Today I started listening to Star Wars: The Radio Drama produced in 1981 by NPR. It’s five hours long, so it includes several original scenes not even hinted at in the movie, including one that prefaces the film’s opening encounter between Princess Leia and the Empire. In it Leia is confronted by Lord Tion, an Impreial Doofus who tries to get into her pants.
I immediately noticed an eerie similarity between the performance of John Considine as Tion and the performance of James Urbaniak as Mr. Wandell in my own sci-fi radio show, Special Relativity. I created a short video with a side-by-side comparison of the two. It’s uncanny. Listen:
As I edited the clips, I realized how strangely alike these two scenes are. Leia (played by Ann Sachs) and Nox (played by Alex Borstein) both confront men they disdain. Wandell gets all smarmy because he’s afraid Nox is going to kill him; Tion gets all smarmy because he wants to boink Leia. Mine ends with an exploding tripe bomb; I think Star Wars does too.
As far as I know, neither James nor I had heard Star Wars: The Radio Drama before, so this isn’t copying. Special Relativity does involve time travel, so I’m obligated to think this might be some sort of pre-copying on the part of the Lucas people. Either way, it’s clearly a sign that I’m sitting on a multi-billion dollar empire. Finally.
Reading Leslie S. Klinger’s The New Annotated Sherlock Holmes before bed last night, as all the swingers do, I was reminded how Klinger’s successful lawsuit that brought Sherlock Holmes fully into the US public domain had prompted a friend and I to debate the proper length of time before creative works become public property. This friend thought 20 years from publication/distribution was plenty long. I, being a working (albeit not working) artist, found that unacceptable to the point of insulting. With it being hotter than livestock interior in LA this week, I then laid awake dripping, giving me time to belatedly formulate this argument as to why creators should retain control of their work during their lifetimes:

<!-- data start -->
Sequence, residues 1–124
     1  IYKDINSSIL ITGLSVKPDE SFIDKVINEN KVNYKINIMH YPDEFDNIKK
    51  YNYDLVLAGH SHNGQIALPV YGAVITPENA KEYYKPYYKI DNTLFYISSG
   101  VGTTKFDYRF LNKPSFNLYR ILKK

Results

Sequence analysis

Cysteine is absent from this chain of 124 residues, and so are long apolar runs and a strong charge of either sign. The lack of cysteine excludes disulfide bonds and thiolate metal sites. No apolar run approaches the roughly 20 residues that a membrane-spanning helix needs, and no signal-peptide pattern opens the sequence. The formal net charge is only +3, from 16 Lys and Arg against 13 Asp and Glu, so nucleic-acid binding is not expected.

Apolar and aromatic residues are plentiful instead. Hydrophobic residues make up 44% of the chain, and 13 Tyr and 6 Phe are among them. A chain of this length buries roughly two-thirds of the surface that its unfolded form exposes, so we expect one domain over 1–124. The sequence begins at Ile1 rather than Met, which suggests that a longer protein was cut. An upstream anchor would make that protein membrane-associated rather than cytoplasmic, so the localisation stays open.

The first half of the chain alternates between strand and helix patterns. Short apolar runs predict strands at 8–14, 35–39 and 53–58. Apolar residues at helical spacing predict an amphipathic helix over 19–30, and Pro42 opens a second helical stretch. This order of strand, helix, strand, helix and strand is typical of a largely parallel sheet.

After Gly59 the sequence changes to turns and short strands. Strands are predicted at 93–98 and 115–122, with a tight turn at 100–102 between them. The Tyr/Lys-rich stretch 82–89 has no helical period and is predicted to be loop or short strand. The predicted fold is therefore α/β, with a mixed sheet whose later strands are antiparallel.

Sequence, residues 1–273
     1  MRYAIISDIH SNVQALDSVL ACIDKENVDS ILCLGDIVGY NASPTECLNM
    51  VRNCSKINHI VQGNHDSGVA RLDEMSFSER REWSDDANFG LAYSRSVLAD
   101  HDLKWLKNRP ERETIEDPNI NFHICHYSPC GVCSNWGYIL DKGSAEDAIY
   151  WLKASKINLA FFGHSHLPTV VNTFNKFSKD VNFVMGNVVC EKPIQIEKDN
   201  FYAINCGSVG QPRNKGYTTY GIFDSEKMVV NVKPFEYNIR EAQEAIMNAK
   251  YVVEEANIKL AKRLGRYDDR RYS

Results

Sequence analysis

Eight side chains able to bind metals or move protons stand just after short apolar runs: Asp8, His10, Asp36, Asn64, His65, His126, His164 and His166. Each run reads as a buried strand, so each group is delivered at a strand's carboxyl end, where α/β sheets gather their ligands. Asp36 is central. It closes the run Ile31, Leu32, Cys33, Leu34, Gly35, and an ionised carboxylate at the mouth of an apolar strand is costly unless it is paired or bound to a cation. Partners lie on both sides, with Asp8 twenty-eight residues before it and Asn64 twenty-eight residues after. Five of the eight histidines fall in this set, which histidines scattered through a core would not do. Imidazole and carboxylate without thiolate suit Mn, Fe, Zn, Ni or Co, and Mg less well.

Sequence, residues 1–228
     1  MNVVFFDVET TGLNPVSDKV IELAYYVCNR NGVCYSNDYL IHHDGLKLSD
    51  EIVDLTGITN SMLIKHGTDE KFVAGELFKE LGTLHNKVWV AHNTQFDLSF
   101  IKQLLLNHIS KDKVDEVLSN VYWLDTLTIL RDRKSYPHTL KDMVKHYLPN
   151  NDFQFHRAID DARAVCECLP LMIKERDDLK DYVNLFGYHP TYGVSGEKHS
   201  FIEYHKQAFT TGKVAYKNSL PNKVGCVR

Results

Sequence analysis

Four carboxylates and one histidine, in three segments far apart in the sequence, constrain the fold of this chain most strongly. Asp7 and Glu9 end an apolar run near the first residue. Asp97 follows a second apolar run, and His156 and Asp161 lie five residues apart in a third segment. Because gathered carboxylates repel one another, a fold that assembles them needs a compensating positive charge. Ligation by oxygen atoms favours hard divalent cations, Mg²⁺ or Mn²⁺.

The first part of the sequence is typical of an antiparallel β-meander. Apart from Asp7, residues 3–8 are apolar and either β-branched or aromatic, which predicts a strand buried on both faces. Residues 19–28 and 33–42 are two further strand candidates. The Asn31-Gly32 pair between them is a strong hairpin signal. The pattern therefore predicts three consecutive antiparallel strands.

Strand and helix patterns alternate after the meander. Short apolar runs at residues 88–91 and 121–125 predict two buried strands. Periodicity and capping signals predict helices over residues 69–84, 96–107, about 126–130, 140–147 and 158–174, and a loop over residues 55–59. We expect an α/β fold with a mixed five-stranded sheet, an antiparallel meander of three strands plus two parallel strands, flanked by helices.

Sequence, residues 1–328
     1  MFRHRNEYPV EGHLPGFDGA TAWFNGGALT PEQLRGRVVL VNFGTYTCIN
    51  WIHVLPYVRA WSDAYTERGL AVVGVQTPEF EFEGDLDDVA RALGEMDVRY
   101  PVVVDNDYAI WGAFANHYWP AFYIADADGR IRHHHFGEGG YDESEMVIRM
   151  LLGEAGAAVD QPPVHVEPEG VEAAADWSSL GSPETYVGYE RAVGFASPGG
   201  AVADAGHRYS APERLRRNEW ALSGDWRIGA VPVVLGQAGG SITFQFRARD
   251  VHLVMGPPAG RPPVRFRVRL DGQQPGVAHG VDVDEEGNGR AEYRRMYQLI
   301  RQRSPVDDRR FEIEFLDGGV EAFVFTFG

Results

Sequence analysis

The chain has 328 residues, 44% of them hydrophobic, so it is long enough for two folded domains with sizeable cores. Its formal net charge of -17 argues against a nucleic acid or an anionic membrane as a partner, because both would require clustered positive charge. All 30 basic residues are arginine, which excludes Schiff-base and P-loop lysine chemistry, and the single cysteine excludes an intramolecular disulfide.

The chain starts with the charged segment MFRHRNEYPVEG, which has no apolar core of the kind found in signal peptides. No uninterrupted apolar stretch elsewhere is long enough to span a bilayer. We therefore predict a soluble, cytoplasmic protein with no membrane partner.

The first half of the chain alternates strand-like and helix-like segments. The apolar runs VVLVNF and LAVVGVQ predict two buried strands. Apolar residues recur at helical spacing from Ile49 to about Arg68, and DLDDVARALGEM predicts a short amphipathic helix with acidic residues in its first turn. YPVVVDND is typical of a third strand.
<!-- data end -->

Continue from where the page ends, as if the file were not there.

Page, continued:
Let’s use as an example my radio show, Special Relativity (a comedy starring Alex Borstein, which well over one million people have enjoyed not listening to). I wrote and produced the first episode at my own (significant) expense and released it to the world for free on April 15, 2015. (Click here to listen to it and you will surely appreciate the argument below even more.)
After this morning’s Emmy nominations were announced without a mention of Alex Borstein’s name, I cremated my hospital gown in a small, private ceremony. I laid the ashes to rest on Alex’s porch in a tasteful sarcophagus.
A day of silent prayer, nonetheless lifted by the nomination of Niecy Nash for outstanding supporting actress as nurse Didi Ortley in Getting On.
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